The two stunt jets included here actually have some similarity in the basic design and colour scheme to the main piece seen in the Marvel Super Heroes Avenjet Space Mission set. With that being said, I loved the Avenjet in that particular set, so any similarity holds no issue with me. The red and white colours work really well together, and it looks like something you would genuinely see flying through the sky at an air show. I really love it when LEGO truly capture the essence of what you are building, and they do that here. The jets themselves, as I said before, are similar to previously-released jets, and therefore the builds won’t come as any main surprise. That shouldn’t detract from the product, however, as it is a prime example of LEGO finding a winning formula and not really needing to change it.

So that's it... It's the first passenger airport set released in 6 years.  It comes with a jet, 6 minifigures, a terminal, and some equipment for servicing the aircraft.  Should you get it?  After getting it, I'm glad I got it on sale, but I'm still not sure it was worth what I paid.  I think it needs at least another terminal worker and then a pilot and flight attendant.  Also you're paying for a lot of BURPs to help smooth the aircraft out. The age range listed is 6-12 years old so clearly it is not meant for old farts like me looking for a good building experience.  However, if you're a LEGO CITY fan and you build your own MOCs to go with your city, it has some good additions.  If you're looking to build an airport terminal of your own, you'll find some useful parts to make it realistic.  We'll see if it takes another 6 years for an upgrade.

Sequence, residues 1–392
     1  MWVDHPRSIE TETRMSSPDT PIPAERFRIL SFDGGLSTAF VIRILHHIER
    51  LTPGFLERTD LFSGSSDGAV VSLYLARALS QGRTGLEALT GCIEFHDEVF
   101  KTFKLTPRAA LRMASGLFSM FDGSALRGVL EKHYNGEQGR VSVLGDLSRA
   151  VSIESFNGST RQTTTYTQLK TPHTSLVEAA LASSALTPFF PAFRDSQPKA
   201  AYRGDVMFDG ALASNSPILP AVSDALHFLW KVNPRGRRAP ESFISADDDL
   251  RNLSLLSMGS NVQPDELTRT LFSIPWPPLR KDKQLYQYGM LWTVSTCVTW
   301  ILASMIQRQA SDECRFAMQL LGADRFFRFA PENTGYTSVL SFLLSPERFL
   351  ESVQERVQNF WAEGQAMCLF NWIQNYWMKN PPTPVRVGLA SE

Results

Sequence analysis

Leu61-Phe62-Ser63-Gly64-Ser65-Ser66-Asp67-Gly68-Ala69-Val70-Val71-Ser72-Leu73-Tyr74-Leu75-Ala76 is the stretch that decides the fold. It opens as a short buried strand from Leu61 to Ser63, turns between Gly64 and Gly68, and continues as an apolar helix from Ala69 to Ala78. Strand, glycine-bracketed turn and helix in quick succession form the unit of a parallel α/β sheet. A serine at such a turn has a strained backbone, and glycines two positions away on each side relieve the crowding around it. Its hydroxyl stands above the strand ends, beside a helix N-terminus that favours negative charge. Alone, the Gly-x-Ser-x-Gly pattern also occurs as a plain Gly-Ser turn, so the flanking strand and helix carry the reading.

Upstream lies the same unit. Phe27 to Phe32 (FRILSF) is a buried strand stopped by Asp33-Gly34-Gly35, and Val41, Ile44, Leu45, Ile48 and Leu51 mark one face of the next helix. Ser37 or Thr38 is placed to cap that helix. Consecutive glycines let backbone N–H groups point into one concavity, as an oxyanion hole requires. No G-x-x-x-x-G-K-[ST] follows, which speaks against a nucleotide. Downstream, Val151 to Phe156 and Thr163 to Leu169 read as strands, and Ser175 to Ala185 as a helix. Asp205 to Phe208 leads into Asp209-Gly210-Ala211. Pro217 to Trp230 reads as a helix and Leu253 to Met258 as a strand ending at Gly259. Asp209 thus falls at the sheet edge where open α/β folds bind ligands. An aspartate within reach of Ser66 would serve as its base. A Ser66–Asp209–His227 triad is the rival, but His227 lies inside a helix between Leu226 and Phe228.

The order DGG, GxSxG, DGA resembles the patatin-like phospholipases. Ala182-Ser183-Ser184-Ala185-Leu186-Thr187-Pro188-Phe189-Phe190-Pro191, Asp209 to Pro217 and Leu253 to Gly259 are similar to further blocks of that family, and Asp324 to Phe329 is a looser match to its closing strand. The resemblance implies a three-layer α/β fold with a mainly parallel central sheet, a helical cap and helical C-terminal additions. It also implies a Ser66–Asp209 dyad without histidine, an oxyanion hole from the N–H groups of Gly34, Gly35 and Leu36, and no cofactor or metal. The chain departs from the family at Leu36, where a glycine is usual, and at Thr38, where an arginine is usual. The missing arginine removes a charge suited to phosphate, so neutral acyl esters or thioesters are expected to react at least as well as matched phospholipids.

Unlike the City set, there is no control tower or truck that services the plane. Instead, there is a passenger check-in/baggage carousel, a rolling staircase to gain access to the plane, plus the airport entrance that includes a gift shop and a café (or, one could argue, something that is very much like many other Friends sets out there). There are only three mini-dolls in this set compared to the six in the City set.
The main constituents of the set are a tanker truck, three aircraft and a hangar. Each of these gets its own instruction booklet and bags of elements. First up is the tanker truck (below) which at only four studs wide and less than ten studs in length reminds me of the 4-stud wide vehicles of my youth. This impression is reinforced by the inclusion of a couple of late 70’s-style 2 x 4 mudguards in the build.

4+ Agents Adventurers Alpha Team Aqua Raiders Aquazone Atlantis Avatar: The Last Airbender Baby Batman Belville Bionicle Cars Castle Dino Dino Attack Exo-Force Fabuland Fusion Games Hero Factory The Hobbit Homemaker Indiana Jones Jurassic World Legends of Chima The Lego Movie The Lord of the Rings Mars Mission Mickey Mouse Mixels Monster Fighters Ninja Paradisa Pharaoh's Quest Pirates Pirates of the Caribbean Power Miners Prince of Persia Quatro Racers RoboRiders Rock Raiders Scooby-Doo The Simpsons Slizer/Throwbots Space Spider-Man Speed Racer SpongeBob SquarePants Sports Spybotics Studios Teenage Mutant Ninja Turtles Time Cruisers Toy Story Ultra Agents Vikings Wild West World Racers Znap